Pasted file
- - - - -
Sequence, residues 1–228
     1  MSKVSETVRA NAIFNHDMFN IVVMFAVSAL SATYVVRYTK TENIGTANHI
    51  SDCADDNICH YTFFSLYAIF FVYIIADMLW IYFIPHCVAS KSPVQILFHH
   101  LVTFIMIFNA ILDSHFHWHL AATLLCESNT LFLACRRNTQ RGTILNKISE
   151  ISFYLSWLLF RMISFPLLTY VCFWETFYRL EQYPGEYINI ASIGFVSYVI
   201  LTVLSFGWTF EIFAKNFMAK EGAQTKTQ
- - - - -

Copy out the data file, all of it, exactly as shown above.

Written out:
Sequence, residues 1–228
     1  MSKVSETVRA NAIFNHDMFN IVVMFAVSAL SATYVVRYTK TENIGTANHI
    51  SDCADDNICH YTFFSLYAIF FVYIIADMLW IYFIPHCVAS KSPVQILFHH
   101  LVTFIMIFNA ILDSHFHWHL AATLLCESNT LFLACRRNTQ RGTILNKISE
   151  ISFYLSWLLF RMISFPLLTY VCFWETFYRL EQYPGEYINI ASIGFVSYVI
   201  LTVLSFGWTF EIFAKNFMAK EGAQTKTQ